Printer Friendly Format Email a Friend

PR- 263-08
July 3, 2008


Also Encourage New Yorkers to Watch Safe and Free Macy's 4th of July Fireworks

Mayor Michael R. Bloomberg, Police Commissioner Raymond W. Kelly, Fire Commissioner Nicholas Scoppetta and Health  Commissioner Thomas R. Frieden today warned New Yorkers of the consequences of transporting, buying, selling or using illegal fireworks. In New York City, all consumer fireworks are illegal and individuals caught buying, selling or using fireworks will be arrested. Those caught transporting fireworks into the City will have their vehicles seized by the Police Department (NYPD). This year, the NYPD Vice Enforcement Division and the Fire Department's (FDNY) Bureau of Fire Investigation have confiscated over 472 cases of illegal fireworks and have made over 46 arrests for possessing or trafficking illegal fireworks. The Mayor and the Commissioners were joined by Robin Hall, executive producer of the Macy's 4th of July Fireworks. The Mayor encouraged New Yorkers to view the safe, free and spectacular Macy's display, the nation's largest, which begins at 9:25 pm on Friday. 

"Independence Day should be spent celebrating our freedoms, not in police custody or at a hospital emergency room," said Mayor Bloomberg. "Watching the annual Macy's 4th of July Fireworks show over the East River is one of the best ways to celebrate."

"Efforts to stop the sale and use of illegal fireworks are working and the Police Department is continuing its trend of strict enforcement," said Commissioner Kelly. "In addition to being illegal, fireworks are extremely dangerous and we practice a 'zero tolerance' policy when comes to them."

"Thanks to increased enforcement and the combined efforts of the Fire and Police Departments, the Fourth of July has gone from one of the busiest days of the year for the FDNY to an average summer day," said Commissioner Scoppetta. "I congratulate the Bureau of Fire Investigation for their hard work and I hope all New Yorkers have a safe and enjoyable holiday weekend."

The Macy's 4th of July Fireworks are the nation's largest display of pyrotechnics on Independence Day. The approximately 30-minute display will be launched from fireworks barges positioned in two areas, in the East River between 10th and 24th Streets in Manhattan and in Lower Manhattan. The southbound lanes of the FDR Drive will be closed to vehicles and serve as viewing areas. The FDR Drive will be accessible at 23rd, 34th, 38th, and 42nd Streets. Waterfront areas in Long Island City and Hunter's Point, as well as in Greenpoint, offer an unobstructed view of the fireworks. At the South Street Seaport, a double barge configuration will be positioned just south of the Brooklyn Bridge. The Brooklyn Heights Promenade and The Empire Fulton Ferry State Park are ideal viewing areas for this part of the display.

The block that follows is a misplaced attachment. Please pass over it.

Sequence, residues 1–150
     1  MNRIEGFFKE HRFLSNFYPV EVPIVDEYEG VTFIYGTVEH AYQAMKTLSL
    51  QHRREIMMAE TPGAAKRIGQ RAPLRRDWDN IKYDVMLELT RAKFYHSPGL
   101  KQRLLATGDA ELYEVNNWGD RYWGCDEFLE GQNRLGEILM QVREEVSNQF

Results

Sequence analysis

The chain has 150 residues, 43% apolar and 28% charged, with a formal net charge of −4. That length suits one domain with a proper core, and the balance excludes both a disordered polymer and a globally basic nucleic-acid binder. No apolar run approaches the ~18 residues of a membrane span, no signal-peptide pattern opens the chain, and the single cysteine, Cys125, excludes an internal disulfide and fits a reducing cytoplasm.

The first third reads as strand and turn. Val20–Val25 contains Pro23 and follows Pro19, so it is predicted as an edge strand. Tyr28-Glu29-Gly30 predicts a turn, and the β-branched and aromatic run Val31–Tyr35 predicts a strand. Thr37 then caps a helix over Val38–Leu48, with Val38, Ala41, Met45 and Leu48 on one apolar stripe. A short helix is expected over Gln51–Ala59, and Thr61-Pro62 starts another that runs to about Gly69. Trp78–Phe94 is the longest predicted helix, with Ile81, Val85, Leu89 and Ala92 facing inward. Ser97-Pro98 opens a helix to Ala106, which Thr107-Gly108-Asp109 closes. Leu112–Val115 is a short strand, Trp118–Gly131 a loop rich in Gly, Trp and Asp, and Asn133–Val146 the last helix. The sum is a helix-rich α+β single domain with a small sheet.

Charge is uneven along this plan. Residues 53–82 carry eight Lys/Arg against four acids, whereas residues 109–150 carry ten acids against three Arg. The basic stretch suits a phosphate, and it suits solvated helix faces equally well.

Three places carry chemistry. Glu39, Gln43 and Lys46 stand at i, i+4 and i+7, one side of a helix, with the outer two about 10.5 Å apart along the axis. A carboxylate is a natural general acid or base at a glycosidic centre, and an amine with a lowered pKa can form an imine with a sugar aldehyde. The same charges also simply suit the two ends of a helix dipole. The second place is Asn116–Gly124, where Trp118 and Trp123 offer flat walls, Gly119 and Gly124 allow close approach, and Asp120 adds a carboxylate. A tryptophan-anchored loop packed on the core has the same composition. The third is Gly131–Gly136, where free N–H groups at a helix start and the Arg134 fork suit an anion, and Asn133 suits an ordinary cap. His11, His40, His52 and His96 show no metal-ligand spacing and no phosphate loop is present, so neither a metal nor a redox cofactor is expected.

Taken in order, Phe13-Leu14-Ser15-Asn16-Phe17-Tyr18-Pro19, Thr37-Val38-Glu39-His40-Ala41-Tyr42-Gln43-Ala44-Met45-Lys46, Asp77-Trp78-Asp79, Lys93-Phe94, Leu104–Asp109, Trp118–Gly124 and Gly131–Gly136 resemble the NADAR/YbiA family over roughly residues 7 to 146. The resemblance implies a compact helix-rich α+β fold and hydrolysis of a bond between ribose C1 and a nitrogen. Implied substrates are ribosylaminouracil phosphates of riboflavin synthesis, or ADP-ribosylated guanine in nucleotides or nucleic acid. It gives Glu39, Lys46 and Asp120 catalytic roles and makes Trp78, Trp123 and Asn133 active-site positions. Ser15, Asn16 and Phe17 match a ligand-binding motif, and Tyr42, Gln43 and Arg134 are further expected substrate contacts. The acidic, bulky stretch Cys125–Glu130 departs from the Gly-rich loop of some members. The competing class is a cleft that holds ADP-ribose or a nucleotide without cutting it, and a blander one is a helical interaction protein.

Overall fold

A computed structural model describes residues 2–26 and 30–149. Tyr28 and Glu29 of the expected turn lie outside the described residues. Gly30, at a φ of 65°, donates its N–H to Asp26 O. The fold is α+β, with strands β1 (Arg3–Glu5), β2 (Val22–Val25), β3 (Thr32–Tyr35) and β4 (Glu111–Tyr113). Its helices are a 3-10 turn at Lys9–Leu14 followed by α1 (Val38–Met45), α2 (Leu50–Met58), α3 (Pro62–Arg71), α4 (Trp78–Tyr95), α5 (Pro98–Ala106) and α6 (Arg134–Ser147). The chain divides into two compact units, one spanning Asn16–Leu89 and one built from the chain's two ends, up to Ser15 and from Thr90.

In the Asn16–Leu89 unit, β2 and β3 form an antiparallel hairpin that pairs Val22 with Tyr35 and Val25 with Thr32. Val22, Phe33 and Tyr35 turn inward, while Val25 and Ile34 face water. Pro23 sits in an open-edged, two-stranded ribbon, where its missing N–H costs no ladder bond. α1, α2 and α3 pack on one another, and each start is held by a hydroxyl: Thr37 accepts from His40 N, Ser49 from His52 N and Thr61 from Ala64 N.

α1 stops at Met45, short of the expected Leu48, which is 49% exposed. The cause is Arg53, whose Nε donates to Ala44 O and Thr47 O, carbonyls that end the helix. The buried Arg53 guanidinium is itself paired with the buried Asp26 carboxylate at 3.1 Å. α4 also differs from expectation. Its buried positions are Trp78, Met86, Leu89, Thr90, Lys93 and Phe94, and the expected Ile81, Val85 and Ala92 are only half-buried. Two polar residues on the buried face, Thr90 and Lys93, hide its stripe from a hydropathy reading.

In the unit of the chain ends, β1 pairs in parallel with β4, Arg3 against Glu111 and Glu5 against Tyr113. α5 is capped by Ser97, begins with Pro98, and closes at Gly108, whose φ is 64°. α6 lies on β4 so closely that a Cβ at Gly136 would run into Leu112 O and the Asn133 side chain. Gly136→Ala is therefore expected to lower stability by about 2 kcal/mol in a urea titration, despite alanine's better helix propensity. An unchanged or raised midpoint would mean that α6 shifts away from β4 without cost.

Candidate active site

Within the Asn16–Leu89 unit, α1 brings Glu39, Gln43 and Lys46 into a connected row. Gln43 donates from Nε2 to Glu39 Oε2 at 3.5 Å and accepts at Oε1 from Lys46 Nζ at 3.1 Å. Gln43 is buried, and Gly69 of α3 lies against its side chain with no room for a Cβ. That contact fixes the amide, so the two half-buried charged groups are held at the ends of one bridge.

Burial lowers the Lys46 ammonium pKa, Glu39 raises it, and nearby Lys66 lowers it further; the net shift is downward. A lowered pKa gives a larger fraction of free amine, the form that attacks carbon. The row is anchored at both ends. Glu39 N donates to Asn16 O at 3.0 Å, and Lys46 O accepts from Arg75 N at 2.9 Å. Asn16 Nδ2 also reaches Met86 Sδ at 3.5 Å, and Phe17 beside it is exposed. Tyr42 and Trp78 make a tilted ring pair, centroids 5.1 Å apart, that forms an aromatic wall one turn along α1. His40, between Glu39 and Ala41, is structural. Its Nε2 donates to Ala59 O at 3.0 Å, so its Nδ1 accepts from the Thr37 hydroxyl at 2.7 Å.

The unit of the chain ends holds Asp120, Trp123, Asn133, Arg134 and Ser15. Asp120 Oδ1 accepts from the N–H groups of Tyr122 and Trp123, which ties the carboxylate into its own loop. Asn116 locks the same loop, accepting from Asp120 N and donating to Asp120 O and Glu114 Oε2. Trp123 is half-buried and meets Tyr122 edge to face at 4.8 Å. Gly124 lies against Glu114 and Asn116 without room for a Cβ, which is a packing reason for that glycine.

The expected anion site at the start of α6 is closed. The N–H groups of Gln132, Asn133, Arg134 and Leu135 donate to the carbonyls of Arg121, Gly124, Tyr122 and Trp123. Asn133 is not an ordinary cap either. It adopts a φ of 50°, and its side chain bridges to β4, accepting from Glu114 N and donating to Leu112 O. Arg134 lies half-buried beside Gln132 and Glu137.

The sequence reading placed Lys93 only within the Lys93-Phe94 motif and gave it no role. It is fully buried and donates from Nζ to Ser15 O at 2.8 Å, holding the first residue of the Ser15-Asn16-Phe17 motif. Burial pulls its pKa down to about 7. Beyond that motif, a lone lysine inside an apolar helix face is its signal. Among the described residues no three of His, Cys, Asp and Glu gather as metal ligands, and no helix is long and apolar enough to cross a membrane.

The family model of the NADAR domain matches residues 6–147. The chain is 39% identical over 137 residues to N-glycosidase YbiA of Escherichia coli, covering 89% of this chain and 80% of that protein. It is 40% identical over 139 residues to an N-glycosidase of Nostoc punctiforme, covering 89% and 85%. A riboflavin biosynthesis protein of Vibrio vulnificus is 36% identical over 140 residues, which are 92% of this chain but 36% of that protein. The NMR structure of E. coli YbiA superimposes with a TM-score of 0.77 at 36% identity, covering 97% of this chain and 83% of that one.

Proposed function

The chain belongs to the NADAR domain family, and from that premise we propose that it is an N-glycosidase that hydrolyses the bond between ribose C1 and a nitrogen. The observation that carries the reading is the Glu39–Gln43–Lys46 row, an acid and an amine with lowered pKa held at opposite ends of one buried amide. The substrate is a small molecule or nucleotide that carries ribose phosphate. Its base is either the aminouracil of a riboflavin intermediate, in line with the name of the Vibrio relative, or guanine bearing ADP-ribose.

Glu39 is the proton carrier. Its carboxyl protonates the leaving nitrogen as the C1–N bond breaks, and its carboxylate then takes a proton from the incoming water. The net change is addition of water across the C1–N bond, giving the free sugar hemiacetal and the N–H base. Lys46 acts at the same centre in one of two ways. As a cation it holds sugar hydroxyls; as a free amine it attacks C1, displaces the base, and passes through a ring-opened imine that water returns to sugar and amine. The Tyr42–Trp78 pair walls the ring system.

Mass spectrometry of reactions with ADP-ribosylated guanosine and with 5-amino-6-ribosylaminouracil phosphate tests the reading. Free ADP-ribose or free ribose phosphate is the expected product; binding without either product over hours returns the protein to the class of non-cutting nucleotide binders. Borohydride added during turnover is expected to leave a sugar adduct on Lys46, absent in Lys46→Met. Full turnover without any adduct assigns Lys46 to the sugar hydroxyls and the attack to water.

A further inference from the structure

Fireworks, while festive and fun, are dangerous when not handled by professionals. A review by the City's Department of Health and Mental Hygiene found that of the 69 fireworks-related hospitalizations that occurred in New York City between 2000 and 2005, two-thirds (67 percent) of the patients were children. More than half of the child injuries (60 percent) occurred in Staten Island and Queens, even though only 32 percent of school-age children live in these boroughs. Wounds were the most common injury caused by fireworks, followed by burns and broken bones. The fireworks injury rate has fluctuated from year to year and is slightly lower in New York City than the nation. No one has been killed by fireworks in the city in recent years.

"New York City has the best fireworks show the world," said Health Department Commissioner Dr. Thomas R. Frieden.  "Instead of setting off fireworks at home, go see a professional display. It's more exciting - and not dangerous."

In 2005, Mayor Bloomberg signed legislation to increase penalties for discharging illegal fireworks. Working with the City Council and bill sponsor Councilman James Oddo, the City created a $750 civil penalty for the use of illegal fireworks in addition to the already existing criminal penalty of $250 for the use or discharge of fireworks without a permit. Fireworks burn at extremely high temperatures and can rapidly burn through clothing and skin. Items such as sparklers are mistakenly thought to be safe, when in fact they can be very dangerous. Fireworks should only be handled by trained professionals. To report illegal fireworks activity, call 311.


Stu Loeser / Jason Post   (212) 788-2958

Paul Browne   (Police)
(646) 610-6700

Francis X. Gribbon   (Fire)
(718) 999-2056

Jessica Scaperotti   (Health)
(212) 788-5290

Elina Kazan (Macy’s)   (212) 494-4624

More Resources
Watch the video in low or high bandwidth